He’s young, easy on the eyes, his new single “Heaven” is killing it on the country music charts, and he'll be performing in Savannah this weekend.

Kane Brown brings a sold-out concert to Savannah's Grayson Stadium on March 24.

“Yeah, it’s pretty fun,” says Brown. “(Fans) have been screaming their heads off; it’s pretty fun. And I love Savannah and this is gonna be great.”


The 24-year-old first gained notice for his deep baritone voice and sing-along lyrics thanks to social media. To date, he’s got more than 3.5 million social subscribers and his music has pulled 320 million on-demand streams and 100 million-plus YouTube and Vevo views.

But he’s also a certified radio and music video star with his 2016 self-titled album "Kane Brown" debuting at No. 1 on Billboard’s Top Country Albums and Top 10 on the Billboard 200 all-genre chart, with the Deluxe Edition debuting the next year at No. 1 on Billboard’s Top Country Albums and Top 5 on the Billboard 200.

“For a while ... people only knew me on social media,” he says. “My fans knew every song and would sing it back. But now that I have radio and social media, it’s kind of exploding. I’m really starting to feel the progress.”

Brown hails from Chattanooga, Tenn., and attended a couple of different schools in the area where the music bug has struck more than once. He sang in the high school choir right across the state line in Fort Oglethorpe, Ga., with "American Idol" season 10 alumna Lauren Alaina.

“Before she even auditioned, I told my mom she was going to win,” he says. “When she made it to Nashville is kinda what encouraged me to really pursue singing.”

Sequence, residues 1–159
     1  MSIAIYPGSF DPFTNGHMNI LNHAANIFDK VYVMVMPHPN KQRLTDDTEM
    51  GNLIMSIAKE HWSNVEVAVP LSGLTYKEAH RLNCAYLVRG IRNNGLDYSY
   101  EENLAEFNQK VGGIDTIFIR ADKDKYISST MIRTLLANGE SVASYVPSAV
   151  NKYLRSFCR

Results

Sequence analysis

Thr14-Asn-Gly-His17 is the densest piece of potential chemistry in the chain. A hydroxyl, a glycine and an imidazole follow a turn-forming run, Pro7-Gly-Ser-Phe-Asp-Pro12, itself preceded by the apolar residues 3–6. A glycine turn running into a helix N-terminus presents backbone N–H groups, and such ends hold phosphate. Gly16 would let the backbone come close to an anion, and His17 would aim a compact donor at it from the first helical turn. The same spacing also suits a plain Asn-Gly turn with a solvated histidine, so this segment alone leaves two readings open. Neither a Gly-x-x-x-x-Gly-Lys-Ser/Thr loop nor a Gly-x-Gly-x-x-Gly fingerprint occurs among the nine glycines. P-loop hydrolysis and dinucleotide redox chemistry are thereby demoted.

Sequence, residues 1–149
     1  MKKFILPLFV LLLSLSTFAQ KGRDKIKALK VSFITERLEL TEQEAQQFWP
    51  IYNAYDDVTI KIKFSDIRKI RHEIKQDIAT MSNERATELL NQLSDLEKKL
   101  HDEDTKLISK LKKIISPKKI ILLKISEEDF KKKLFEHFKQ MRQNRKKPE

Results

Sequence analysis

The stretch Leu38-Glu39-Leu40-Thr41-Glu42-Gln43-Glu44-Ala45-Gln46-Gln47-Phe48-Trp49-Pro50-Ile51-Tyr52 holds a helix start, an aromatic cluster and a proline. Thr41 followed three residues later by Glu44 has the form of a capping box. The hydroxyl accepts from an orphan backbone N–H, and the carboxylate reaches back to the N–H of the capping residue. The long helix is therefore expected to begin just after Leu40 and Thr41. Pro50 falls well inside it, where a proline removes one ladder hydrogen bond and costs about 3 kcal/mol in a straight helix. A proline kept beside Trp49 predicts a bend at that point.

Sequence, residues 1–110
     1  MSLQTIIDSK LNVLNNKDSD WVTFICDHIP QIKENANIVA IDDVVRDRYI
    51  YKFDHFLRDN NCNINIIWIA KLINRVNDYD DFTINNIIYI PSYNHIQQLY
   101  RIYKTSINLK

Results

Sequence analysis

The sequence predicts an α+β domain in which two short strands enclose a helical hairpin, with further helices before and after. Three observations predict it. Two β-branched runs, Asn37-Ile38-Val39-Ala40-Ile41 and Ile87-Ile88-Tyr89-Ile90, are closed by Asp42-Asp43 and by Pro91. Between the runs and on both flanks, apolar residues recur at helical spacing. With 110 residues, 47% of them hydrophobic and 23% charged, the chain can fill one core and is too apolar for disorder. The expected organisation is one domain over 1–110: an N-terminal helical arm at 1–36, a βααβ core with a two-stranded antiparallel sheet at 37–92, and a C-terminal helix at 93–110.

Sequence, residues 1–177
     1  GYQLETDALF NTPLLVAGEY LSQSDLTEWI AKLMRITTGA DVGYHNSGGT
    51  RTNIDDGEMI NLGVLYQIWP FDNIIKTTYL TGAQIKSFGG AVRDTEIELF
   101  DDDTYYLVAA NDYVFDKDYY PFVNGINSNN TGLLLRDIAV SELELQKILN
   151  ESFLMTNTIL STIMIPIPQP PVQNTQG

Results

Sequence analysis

Brown auditioned for a few competition shows himself, but they weren’t for him. Once he made it to Nashville, he reconnected with Alaina and wrote their smash duet “What Ifs.”

“When ‘What Ifs’ made it past 36, I was like, ‘We made it!’” he says.

But Brown has never forgotten his roots in rural Georgia and southeast Tennessee, where many families struggle near the poverty line.

He’s teamed up with Make Room, a national organization that helps families facing the rental housing crisis. He’s also partnered with State Farm as part of Neighborhood of Good, which encourages people to make a positive impact in their neighborhoods by volunteering. 

Right now, Brown is concentrating on his new music. He expects to release another single in late May or June and is working on a new album due out later this year. But expect to hear snippets well before then.

“Whenever I record new music I’m always putting it on Facebook and Instagram, just letting people hear the first verse and first chorus,” he says. “It’s just a teaser, letting them know what I’m working on. But eventually it gets shared and people start tagging each other and people learn about it and that’s what makes my albums and singles ride up the charts.”

As for the concert in Savannah, he says it’s going to be a blast.

“(You) won’t know what to expect, ‘cause I play every genre from rock to country to hip hop. I might throw a little OutKast in there. I listen to everything. I feel like my fans do as well. And I think that’s why we have so much fun.”

The Grayson Stadium show is sold out ... but BOB 106.9 still has a few tickets to give away. Listen to "Tim Leary & the Morning Showgram" for your chance to snag a pair.